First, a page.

ABF Launches Podcast:
Whose Law Is It Anyway?
The ABF is excited to announce its new podcast, Whose Law Is It Anyway?. Join host Matthew Martinez Hannon as he goes beyond the headlines and into our classrooms, courtrooms, and homes to learn how empirical and interdisciplinary research matters in everyday life.
 
Echoing the ABF’s motto, “Expanding Knowledge and Advancing Justice,” the podcast offers an in-depth exploration of sociolegal subjects such as access to justice, rent and housing, civil rights, and sexual consent on college campuses. 

The first episode is available now and features an interview with ABF Faculty Fellow Rebecca Sandefur. New episodes of Whose Law Is It Anyway? will be published monthly. Listen wherever you get your podcasts or stream online here.
Fellow Spotlight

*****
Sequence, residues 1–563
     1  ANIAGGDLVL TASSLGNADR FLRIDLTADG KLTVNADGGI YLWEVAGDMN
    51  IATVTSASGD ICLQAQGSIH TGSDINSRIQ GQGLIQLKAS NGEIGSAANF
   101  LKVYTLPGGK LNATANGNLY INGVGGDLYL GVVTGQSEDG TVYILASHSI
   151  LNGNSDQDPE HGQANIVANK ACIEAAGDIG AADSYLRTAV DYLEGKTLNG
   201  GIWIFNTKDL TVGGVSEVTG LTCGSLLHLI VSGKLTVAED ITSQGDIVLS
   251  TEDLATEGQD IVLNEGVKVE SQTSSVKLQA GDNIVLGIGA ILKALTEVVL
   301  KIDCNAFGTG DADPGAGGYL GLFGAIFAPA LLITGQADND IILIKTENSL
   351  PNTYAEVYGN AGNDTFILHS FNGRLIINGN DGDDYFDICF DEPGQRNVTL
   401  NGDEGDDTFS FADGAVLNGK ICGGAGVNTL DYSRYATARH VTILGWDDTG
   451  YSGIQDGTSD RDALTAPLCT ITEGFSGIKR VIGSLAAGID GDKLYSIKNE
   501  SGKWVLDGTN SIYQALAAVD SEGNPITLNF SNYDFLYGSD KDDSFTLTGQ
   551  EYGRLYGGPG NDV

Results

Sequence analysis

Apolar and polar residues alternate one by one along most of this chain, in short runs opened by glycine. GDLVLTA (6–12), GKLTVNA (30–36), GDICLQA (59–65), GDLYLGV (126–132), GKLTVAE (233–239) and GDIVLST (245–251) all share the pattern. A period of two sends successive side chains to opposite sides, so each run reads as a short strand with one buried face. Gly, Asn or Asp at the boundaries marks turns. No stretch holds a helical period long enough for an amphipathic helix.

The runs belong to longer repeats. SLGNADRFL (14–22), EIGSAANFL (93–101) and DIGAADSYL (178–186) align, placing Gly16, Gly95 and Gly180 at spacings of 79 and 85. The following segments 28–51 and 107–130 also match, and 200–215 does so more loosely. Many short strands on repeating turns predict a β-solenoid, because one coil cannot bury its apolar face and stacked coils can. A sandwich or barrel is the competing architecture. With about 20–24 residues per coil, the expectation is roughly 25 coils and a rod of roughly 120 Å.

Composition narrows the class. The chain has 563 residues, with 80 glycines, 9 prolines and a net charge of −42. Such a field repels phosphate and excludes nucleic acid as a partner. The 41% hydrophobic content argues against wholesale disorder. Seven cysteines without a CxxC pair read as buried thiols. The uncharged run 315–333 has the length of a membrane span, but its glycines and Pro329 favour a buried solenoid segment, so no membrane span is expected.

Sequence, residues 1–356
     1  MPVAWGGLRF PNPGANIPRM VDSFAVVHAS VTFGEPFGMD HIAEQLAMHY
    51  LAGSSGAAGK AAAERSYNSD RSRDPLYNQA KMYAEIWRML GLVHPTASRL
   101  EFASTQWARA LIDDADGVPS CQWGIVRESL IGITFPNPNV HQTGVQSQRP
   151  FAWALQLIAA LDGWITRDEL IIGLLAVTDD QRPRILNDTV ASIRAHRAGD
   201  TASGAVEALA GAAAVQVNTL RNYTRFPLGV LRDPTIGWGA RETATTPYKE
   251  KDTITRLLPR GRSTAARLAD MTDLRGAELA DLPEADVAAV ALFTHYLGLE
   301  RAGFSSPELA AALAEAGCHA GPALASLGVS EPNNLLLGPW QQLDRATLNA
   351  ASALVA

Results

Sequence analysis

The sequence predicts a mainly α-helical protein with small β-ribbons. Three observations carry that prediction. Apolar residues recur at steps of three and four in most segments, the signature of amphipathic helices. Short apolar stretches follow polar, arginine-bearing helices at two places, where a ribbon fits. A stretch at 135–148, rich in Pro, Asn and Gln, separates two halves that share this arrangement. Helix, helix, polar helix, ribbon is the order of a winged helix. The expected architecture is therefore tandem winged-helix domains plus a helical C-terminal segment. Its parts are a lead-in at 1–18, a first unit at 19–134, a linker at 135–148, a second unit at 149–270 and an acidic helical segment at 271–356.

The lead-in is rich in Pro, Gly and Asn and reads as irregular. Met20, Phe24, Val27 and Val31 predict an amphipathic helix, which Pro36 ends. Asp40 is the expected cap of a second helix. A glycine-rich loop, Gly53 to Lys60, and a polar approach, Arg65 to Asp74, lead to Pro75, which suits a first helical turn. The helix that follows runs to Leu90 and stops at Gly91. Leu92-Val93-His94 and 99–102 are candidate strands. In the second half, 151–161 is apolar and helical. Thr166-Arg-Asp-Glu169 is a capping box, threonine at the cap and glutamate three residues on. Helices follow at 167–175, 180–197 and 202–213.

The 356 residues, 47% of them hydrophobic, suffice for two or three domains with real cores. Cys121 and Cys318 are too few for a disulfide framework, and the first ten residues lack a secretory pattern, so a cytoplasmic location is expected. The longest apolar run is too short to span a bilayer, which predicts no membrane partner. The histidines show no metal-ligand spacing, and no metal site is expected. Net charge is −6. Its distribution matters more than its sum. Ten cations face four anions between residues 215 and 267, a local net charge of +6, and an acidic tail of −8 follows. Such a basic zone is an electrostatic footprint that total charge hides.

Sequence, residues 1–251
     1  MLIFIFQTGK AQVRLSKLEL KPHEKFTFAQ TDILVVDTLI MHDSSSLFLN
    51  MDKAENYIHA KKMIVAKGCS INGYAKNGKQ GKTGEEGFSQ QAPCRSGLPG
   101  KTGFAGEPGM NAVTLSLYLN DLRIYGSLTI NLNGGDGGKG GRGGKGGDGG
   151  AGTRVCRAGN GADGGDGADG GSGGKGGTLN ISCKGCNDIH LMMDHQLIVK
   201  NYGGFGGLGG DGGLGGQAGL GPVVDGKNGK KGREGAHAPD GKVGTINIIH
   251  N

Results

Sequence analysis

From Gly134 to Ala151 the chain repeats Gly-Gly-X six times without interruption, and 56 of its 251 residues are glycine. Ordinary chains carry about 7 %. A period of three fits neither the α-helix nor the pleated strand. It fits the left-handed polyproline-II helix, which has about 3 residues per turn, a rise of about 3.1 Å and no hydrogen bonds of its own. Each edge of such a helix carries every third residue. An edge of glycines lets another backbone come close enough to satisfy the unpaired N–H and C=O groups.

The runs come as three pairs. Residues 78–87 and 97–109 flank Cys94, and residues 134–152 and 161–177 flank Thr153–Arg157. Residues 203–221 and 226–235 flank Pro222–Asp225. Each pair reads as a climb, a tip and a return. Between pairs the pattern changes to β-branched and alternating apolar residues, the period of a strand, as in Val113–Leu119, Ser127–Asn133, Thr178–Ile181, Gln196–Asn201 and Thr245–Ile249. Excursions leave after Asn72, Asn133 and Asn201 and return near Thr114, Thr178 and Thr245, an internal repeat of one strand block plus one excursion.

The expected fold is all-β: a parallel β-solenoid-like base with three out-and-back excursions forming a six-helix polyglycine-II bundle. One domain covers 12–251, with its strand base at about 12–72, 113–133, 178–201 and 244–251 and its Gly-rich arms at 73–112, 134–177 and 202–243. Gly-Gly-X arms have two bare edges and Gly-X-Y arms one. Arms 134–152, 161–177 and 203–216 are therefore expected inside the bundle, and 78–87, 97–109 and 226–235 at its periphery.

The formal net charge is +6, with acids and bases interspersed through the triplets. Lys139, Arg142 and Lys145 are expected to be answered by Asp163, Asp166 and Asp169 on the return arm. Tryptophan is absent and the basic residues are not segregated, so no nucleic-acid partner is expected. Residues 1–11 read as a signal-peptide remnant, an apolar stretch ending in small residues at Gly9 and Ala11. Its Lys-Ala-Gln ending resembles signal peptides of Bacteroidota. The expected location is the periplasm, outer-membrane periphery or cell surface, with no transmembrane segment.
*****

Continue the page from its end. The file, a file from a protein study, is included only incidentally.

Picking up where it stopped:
Federal Career Senior Executive James Durant is Chief Counsel for the Office of Science-Chicago within the United States Department of Energy in Argonne, Illinois. He is a Life Fellow and a member of the ABF Fellows Research Advisory Committee (FRAC). He became a Fellow in March 2010.

Colonel James Durant
Life Fellow

Q: What does being a Fellow mean to you? 
A: Professional development. Being a Fellow has opened many doors and opportunities in my career in the Air Force and now in the US Department of Energy. From enrichment events such as award-winning CLE training sessions, to extraordinary guest speakers, to service on the ABF Fellows Research Advisory Committee, my status as a life-long government attorney has been significantly enhanced. Moreover, by receiving the ABF’s incredible legal research on matters germane to the practice of law, government, business and the like, I have learned more about the world around me and have been exposed to matters I would not have ordinarily been privy to in my current employment setting. Moreover, one cannot discount the exceptional professional connections and networks that come along with simply being a Fellow. During a 2012 interview in the White House for a political appointment with the US State Department, I was asked about being a Fellow. My response was the same. I am indeed honored to be a Fellow and I thank the Colorado Fellows for bringing me into the fold.